So, then you don’t record everything you write, or do you?
Well, yes and no. I record what I call song snippets. I have a little digital recorder where I just come up with ideas, and I just stick them on this thing constantly. There are hundreds and hundreds of these little snippets. I have so much of that that I could never record all the stuff from it, but the process of actually doing finished recordings takes so much more time. Unfortunately, it’s very, very time-consuming. It may not sound like it, because it sounds like it’s all slapped together real quick!
Ira Robbins from Trouser Press famously described you, many years ago, as a “one man pop auteur.” How did you feel about that when you first heard it or read it?
Well, I will tell you: of all the things that happened in the early stages of doing this, when I got positive endorsements or positive reactions from him, I couldn’t believe it. Because as a teenager, I pretty much worshiped Trouser Press, and everything that he wrote about turned out to be the greatest stuff. So, when it turned out that he liked what I was doing, I really couldn’t believe it. I was in total disbelief. I still am!
It’s one of those things where it’s sort of a trademark quality: if he likes it then, for me, it’s like, “Okay, well, it’s at least work checking out.”
I found out about Big Star through Ira Robbins.
I bought those Big Star records in the ‘80s when I found them at Fantasyland Records in Buckhead as “new old stock.” I still have them. I still have nearly every record I’ve ever bought; I got rid of Stones’ Love You Live and a couple other shitty records. I even have this! [Holds up copy of LMNOP’s Pony album.]
You’re one of the very few that have that, because I pulled it and destroyed most of them, because I screwed up with the pressing. One of the songs is really distorted.
And the first one [elemen opee elpee] I bought at 688 at the merch table.
If we’d been in touch at the time, I could’ve given you several hundred for free!
“Tapes” from elemen opee elpee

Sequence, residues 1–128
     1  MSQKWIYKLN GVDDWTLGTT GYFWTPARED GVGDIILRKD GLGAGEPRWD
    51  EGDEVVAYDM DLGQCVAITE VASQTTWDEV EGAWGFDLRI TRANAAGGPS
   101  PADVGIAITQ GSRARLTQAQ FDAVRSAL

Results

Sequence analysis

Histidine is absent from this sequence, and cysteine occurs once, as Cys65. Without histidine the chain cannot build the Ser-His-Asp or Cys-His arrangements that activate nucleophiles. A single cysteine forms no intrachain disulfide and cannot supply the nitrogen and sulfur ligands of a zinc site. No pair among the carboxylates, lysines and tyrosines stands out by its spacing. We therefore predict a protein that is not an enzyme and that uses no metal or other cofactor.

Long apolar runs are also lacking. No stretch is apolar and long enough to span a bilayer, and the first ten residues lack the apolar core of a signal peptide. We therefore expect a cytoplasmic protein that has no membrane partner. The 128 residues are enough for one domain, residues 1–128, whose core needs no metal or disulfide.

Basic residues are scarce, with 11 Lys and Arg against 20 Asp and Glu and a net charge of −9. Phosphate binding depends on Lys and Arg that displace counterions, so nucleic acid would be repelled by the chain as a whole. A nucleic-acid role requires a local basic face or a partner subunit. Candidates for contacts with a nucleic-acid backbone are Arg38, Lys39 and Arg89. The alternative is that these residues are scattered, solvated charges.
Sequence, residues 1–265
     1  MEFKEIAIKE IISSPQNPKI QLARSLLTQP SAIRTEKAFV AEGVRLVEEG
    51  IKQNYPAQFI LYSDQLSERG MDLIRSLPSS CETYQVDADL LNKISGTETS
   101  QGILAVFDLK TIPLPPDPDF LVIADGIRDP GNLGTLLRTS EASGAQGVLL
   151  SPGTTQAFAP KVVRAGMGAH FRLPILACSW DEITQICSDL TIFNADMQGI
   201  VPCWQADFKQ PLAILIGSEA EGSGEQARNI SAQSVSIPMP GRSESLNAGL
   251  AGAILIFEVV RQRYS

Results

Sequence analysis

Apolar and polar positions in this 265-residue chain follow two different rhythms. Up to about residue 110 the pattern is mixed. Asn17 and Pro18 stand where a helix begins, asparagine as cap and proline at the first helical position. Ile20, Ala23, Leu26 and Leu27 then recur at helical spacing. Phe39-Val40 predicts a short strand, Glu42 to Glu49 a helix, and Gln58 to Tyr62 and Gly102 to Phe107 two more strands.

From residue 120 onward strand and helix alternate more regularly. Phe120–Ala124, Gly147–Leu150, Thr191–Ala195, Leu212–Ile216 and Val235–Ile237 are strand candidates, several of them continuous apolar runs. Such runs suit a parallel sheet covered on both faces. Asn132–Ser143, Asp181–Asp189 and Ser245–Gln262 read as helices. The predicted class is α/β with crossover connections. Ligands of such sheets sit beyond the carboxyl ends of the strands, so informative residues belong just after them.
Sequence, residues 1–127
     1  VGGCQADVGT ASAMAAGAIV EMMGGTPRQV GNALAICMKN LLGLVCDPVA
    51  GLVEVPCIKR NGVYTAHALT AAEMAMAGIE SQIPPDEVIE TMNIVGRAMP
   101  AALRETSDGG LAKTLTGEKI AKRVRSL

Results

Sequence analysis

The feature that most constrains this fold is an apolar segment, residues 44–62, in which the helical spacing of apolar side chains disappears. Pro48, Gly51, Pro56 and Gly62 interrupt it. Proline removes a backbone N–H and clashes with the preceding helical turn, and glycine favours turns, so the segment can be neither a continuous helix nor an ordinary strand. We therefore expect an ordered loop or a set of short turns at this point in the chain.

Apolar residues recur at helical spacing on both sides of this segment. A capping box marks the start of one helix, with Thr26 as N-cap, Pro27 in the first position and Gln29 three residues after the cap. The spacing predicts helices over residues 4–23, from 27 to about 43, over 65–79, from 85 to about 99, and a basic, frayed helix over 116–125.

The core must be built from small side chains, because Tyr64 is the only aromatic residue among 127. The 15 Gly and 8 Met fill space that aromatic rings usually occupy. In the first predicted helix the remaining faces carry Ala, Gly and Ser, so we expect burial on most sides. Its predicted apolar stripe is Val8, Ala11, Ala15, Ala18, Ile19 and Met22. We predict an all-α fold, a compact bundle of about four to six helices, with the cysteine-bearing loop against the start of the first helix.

I noticed on the website that you’re still selling them! How many do you have?
I think I have one box left. I really don’t like charging much for music, but it’s a little bit more expensive than my other cheap items, because I am running out of them. Amongst some people, they really like it. But amongst a lot of people, they really didn’t care for it.
The fidelity is better than the cassettes just because it’s on vinyl instead of tape, but I like it. The early albums: were they recorded just on a cassette-based PortaStudio, or were you using something more sophisticated?
I was using a Teac 8-channel/8-track recorder. It was a real recorder, but it was really limiting as far as what you could do with it.
Lots of us were working with four channels back then, so with eight, at least you could do some bouncing of tracks. Is everything digital now for you? I’m assuming.
It is. I had a hard time getting into the digital world, but I’ll tell you what got me through it and how I overcame my aversion to it. I kept thinking I had to understand what I was doing and, every time I’d start to get into it, I was like, “This is so complicated. I hate this.” What happened is I finally told myself that, when I was doing analog, I didn’t know what the hell I was doing, and I enjoyed it. So, I thought, “Just start doing it and don’t worry about understanding it.”